• small enough to be manageable in a sprint
  • contain enough detail to estimate accurately and
  • create acceptance criteria that really help define “done.”

POs don’t just pluck an idea out of the air, write a user story, and drop it onto the backlog (we hope). Stories go through a process just like the software they drive does. The PO has a responsibility to the team to create user stories for them to estimate and, at some stage, work on, that aren’t badly defined or not thought through. Team members don’t want to have to do a bunch of the PO’s work in order for them do their own work and deliver value. To this end, a PO and the Scrum team might find the DoR useful. This is a contract that the PO has with the team in order to say “Before I put a story in front of you, I will have done everything I can do make it not suck.” Some examples of criteria on a DoR are:

  • Story contains actors, problem, and value
  • Story should fit in a sprint
  • Story should be appropriately documented (does it require wireframes? User-journeys?)
  • Value should be obvious, if not, it should be explicitly stated
  • Story should have reasonable conditions of satisfaction
  • Story should focus on problems, not solutions

Using the above example, we could ensure that the user story: Show users other products that they can buy before they checkout which begins life as a throwaway request from a stakeholder at an audio-visual online storecan be rewritten using the DoR as: As a customer, I would like to see products that I might like to buy at the same time as my television, hi-fi, or other product, so that I can be certain I have everything I need. Acceptance Criteria:

  • Show users products that other customers, purchasing the same products as this user has chosen, have bought also
  • Based on what the user has added to his basket, show him products that could potentially be used with it, e.g., if he has chosen a TV, then show him cables, TV stands, and Blu-Ray players
  • Show ratings and percentage of customers who ended up adding the additional products to their basket.

This shows the actor, problem, and value for the customer. The value for the business is implicit in that it will increase uplift. The story is appropriately documented with reasonable acceptance criteria, however it doesn’t tell the developers how it should be done technically. I’m a big fan of release planning meetings. These meetings include going over the team’s DoD to see if there are any changes team members want to make in conjunction with the PO or stakeholders before they start sprinting. This is an ideal time to create your DoR as well. In addition to the explicit value you get from having a contract between the Scrum team and the PO, the DoR also goes a long way to fostering trust (as long as the PO follows through) in the same way that the DoD and the acceptance criteria do. If you have a bad sprint, during the retrospective, you can review your DoD and your DoR. Did the story require more work before it went into the sprint backlog? The DoR provides a similar yardstick to that of the DoD when looking for root causes of failure. Try adding a DoR to your process, especially if you’re having trouble with your stories being difficult to estimate or work on. You’ll reap benefits immediately, building trust and creating stories that have real value.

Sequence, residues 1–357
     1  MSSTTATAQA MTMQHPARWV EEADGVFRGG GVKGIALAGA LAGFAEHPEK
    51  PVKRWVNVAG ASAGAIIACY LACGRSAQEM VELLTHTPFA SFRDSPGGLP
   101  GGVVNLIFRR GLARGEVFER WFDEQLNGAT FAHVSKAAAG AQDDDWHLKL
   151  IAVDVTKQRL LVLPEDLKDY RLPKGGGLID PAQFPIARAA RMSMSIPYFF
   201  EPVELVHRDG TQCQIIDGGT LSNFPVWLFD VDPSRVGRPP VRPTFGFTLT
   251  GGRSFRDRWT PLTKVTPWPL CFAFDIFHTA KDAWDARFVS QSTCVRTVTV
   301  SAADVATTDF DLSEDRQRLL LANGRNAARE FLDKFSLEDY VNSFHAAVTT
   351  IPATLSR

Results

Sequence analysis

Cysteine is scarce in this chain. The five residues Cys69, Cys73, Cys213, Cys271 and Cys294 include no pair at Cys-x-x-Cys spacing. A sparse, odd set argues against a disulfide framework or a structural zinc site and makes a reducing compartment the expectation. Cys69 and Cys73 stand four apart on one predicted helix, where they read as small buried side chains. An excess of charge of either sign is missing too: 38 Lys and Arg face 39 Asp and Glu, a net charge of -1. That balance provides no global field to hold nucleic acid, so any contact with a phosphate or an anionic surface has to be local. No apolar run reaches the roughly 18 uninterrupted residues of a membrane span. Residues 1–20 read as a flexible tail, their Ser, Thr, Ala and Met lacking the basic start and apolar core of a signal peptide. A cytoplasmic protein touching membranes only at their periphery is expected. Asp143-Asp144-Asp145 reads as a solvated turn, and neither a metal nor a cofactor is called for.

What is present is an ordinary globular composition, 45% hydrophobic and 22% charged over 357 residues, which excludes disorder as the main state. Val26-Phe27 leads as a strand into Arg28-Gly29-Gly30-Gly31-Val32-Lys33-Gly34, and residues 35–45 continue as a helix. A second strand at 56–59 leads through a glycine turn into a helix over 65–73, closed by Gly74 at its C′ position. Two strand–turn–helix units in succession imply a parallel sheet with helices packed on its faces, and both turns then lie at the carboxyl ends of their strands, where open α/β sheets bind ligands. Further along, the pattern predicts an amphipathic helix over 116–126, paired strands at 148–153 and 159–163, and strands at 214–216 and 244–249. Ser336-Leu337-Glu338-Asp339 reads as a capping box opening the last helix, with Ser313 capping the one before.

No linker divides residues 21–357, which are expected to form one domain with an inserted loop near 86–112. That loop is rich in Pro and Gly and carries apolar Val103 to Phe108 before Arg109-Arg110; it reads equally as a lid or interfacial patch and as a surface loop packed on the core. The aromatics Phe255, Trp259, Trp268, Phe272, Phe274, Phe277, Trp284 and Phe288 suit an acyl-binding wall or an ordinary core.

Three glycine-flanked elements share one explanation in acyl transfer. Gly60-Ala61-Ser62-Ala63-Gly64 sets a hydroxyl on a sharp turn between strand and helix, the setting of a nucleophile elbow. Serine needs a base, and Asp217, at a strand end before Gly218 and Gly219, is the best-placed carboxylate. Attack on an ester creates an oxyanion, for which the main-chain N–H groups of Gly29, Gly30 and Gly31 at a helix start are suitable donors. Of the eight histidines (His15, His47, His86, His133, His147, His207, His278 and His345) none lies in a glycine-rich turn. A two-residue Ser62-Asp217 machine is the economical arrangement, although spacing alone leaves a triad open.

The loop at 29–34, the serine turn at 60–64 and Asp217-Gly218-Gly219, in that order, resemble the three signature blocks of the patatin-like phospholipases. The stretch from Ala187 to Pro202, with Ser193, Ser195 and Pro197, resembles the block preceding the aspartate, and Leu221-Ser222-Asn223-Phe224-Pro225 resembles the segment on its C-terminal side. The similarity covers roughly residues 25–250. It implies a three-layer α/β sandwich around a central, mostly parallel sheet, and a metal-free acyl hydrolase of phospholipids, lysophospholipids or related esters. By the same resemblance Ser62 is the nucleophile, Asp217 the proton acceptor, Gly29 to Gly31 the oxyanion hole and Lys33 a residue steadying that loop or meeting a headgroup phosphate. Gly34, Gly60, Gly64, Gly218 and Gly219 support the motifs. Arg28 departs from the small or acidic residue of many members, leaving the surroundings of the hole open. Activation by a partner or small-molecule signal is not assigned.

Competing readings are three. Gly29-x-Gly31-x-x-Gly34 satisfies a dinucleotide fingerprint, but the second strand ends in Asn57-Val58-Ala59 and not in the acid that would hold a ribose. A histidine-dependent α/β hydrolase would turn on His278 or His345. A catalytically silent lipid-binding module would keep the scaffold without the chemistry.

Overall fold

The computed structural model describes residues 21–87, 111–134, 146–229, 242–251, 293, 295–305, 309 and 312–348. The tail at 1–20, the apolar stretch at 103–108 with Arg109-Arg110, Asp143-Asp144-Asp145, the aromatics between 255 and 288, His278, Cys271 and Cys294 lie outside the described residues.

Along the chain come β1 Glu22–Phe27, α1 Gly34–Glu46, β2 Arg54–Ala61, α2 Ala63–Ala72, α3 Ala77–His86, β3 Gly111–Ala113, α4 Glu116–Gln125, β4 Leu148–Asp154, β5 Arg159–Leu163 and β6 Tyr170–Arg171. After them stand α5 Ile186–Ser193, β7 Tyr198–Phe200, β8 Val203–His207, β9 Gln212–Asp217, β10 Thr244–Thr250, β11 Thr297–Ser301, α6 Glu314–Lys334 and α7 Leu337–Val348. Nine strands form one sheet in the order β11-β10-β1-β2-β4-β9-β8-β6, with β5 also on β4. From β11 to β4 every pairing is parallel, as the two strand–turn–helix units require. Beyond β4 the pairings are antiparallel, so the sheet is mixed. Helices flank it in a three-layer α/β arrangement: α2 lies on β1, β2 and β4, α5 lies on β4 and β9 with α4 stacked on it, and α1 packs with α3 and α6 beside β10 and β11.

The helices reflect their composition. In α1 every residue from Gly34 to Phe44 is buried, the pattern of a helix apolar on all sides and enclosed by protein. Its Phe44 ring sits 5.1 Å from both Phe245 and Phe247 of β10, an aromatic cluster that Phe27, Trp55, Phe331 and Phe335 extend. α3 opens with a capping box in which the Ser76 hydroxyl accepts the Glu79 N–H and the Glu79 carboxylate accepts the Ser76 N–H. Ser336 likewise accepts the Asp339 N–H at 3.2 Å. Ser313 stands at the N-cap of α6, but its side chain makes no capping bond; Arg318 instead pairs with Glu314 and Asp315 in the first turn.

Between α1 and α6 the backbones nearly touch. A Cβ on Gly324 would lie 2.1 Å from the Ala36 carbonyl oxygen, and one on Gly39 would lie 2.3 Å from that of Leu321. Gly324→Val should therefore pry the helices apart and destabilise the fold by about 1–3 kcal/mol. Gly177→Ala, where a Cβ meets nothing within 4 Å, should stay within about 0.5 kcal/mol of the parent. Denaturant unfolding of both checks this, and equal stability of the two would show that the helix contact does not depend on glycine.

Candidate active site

How do I estimate how long an agile project will take, before we start?

Elephant Black and White

I was asked this a while ago and I’ve seen it mentioned a few times on blogs and forums and what not. I’ve answered it on a few occasions, so I thought I’d put it all into a coherent blog post.

Estimating a project before you start, with a brand new team is a tricky situation and one lots of people encounter.

There is a way you can work it out though, but your product manager should understand that it’s an estimate and it will change. If you need some backup, read this article on the ‘Cone of Uncertainty’ by Jeff Atwood and remember, you know the LEAST about a project right at the beginning!

How can I estimate?

There’s two ways you can do this; based on points or based on hours. I’d suggest using the hours method as it will give you a range. You can get a range with points as well, but only when you’ve done a few sprints. Some people are against estimating in hours and, usually, I am too. But for this “beginning of a project with a new team” exercise, it’s invaluable. The below all assumes that you have a product backlog ordered by priority.

I’ll start with the points method (and, step 1!):

  1. Estimate, in story points, your entire backlog. This is easier than you think and is often called the white elephant method, we use it with great success.
    1. Draw up somewhere a grid with 0, 1, 2, 3, 5, 8, 13, 20, 40, 100 and ? as labels.